In each year of the three-year cycle of readings in the Lectionary, we have different gospel readings for the Sundays of Lent. This year, we are in Year B, in which most of the Sunday readings come from the Gospel of Mark. However, during the high seasons of Lent and Easter, Mark’s Gospel is supplemented by passages from the Gospel of John just as in Year A and B, the Gospels from Matthew and Luke are supplemented by passages from John’s Gospel.
Each year, the Sunday Gospels lead us to Easter differently.
The gospels of the first and second Sundays of Lent are always the accounts of the Temptations of Jesus and then that of his Transfiguration. This concurs with what we saw last week about the ashes of Ash Wednesday – they are setting our sights on the whole season of Lent/Easter. The Temptations emphasise the possibility of taking a path which is contrary to the ways of God, and the Transfiguration emphasises the future which is ours through Christ’s resurrection. The resurrection is not only his but ours. We are called to follow him into that new life in the future. And to live in accord with it now.
The gospels of the third, fourth and fifth Sundays of Lent differ in each of the three years. In Year B they give us three images of the death of Jesus and its meaning for us.
On the third Sunday, we have the Gospel of John’s account of Jesus’ cleansing of the Temple. This account has a twist to it that the others do not. Jesus says “Destroy this temple and in three days I will raise it up” His hearers are astounded but John comments: “But he was speaking of the sanctuary that was his body…”. So the death and resurrection of Jesus is presented as taking the place of the temple, that is it is in him that people can come into God’s presence.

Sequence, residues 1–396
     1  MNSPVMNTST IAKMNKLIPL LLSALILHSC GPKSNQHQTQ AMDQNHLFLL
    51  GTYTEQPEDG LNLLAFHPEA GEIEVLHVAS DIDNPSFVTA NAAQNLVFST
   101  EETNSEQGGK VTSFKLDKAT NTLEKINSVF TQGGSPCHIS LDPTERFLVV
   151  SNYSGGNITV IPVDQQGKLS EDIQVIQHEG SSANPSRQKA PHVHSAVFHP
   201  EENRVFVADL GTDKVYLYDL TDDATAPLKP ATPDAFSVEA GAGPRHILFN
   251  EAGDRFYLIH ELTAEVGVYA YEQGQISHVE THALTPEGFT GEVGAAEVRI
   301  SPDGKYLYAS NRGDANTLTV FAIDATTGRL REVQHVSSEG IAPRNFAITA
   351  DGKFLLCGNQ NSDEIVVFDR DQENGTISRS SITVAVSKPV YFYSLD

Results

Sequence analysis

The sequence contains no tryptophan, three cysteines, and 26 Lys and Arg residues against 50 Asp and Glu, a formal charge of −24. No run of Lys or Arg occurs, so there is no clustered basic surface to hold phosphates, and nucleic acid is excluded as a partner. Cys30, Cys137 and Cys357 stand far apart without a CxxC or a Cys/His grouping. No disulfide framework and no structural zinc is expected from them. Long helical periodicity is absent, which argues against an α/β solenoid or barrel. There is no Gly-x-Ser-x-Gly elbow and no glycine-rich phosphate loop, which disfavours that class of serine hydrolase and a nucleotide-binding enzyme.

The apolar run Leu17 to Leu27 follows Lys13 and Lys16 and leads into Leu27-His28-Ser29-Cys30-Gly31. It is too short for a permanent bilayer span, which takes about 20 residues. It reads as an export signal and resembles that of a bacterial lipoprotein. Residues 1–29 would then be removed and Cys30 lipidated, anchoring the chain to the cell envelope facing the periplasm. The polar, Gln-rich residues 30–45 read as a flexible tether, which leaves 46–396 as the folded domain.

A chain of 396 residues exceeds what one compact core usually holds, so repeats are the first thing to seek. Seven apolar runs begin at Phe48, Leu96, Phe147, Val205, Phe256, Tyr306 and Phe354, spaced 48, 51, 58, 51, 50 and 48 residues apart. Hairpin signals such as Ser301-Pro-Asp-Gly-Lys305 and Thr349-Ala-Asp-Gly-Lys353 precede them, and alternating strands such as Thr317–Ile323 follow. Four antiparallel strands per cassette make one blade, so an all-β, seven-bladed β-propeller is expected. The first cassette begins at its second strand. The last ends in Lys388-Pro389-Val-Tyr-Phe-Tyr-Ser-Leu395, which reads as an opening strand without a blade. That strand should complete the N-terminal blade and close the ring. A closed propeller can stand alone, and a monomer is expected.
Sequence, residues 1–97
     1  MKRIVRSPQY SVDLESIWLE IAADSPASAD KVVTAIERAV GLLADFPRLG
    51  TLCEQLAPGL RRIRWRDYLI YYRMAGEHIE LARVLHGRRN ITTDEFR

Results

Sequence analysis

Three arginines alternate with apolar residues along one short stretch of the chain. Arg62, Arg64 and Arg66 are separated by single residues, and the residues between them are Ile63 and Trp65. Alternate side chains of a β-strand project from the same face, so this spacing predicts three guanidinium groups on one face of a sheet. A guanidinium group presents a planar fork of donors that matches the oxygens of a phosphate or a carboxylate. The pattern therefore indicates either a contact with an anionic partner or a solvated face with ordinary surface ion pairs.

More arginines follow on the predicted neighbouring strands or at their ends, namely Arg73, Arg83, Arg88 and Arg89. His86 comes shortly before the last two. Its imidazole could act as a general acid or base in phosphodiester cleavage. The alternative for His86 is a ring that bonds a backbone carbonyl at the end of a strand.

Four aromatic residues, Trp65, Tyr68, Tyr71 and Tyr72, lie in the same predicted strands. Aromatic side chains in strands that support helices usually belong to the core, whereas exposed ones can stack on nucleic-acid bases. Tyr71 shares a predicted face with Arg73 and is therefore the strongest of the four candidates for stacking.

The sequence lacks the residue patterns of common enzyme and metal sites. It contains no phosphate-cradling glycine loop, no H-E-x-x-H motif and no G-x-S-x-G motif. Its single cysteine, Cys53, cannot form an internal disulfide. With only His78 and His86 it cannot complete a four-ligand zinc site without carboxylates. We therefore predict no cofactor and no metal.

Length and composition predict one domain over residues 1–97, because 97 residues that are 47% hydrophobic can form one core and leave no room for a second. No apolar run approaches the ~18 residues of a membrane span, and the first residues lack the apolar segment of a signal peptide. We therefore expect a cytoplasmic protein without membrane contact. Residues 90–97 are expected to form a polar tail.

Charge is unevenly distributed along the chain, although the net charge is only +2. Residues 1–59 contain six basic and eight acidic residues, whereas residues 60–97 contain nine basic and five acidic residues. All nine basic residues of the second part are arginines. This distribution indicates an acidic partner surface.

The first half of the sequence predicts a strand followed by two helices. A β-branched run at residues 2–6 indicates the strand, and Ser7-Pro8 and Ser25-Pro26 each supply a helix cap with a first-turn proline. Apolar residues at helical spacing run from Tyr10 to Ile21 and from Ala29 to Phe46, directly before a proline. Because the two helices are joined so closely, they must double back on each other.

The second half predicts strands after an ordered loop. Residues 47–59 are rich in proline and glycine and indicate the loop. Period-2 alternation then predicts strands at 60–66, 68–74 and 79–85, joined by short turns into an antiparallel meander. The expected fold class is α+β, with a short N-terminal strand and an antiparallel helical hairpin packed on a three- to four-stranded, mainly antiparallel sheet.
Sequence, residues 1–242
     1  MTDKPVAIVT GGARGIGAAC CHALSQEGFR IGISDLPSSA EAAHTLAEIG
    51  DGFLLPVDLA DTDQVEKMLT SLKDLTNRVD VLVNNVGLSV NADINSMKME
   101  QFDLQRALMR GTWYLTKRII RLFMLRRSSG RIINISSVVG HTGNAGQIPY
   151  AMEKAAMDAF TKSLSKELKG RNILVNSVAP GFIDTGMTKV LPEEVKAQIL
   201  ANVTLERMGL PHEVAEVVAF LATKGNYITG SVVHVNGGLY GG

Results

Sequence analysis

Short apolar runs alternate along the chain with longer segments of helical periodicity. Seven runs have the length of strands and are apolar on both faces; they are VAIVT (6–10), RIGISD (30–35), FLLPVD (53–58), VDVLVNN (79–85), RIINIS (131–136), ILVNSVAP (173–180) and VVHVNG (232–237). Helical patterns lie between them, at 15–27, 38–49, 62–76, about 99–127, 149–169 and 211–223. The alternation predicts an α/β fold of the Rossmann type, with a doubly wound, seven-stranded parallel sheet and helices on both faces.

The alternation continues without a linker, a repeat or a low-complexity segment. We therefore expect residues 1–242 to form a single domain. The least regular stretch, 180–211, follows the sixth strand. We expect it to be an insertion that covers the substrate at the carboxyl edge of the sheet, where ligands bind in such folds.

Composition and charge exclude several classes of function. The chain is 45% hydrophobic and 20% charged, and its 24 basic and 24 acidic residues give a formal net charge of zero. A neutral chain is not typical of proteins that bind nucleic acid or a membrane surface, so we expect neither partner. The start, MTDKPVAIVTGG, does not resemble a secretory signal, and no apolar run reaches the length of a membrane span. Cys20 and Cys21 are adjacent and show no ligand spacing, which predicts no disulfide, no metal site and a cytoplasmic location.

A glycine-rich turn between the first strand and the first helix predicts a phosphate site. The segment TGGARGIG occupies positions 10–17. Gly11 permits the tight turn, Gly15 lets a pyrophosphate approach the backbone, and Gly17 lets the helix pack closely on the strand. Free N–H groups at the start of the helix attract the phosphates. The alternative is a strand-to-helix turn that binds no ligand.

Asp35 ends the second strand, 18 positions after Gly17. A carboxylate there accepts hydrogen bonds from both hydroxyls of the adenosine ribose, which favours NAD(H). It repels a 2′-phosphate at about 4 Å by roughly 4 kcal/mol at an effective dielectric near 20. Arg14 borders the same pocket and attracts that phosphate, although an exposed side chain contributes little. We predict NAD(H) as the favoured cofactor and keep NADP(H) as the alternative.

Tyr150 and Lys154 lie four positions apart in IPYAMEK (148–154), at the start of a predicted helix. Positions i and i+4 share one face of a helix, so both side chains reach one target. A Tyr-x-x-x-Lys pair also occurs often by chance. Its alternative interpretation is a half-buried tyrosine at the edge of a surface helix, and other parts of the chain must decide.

On the fourth Sunday, we have another old testament image: “The Son of Man must be lifted up as Moses lifted up the serpent in the desert so that everyone may have eternal life in him”. This falls back upon that curious incident in the desert in which the people were being killed by snakebite and Moses puts up a bronze serpent which people had to look upon to be cured. So in looking to Jesus who suffers what we suffer we find freedom from death and sin.
On the fifth Sunday, we have the lovely image of the seed: “Now the hour has come for the Son of Man to be glorified. I tell you solemnly, unless a grain of wheat falls on the ground and dies, it remains only a single grain; but if it dies, it yields a rich harvest”. So it is with the death of Jesus. His death produces the rich harvest of life in his resurrection.
Each of these images leads us into an aspect of the meaning of the death of Jesus and notice that each of them is not just about his death but about his resurrection. This whole season is about the celebration of the Paschal Mystery, that is the passing over of Jesus from life as we know it through death into life beyond anything we can as yet know.
By Fr Frank O’Loughlin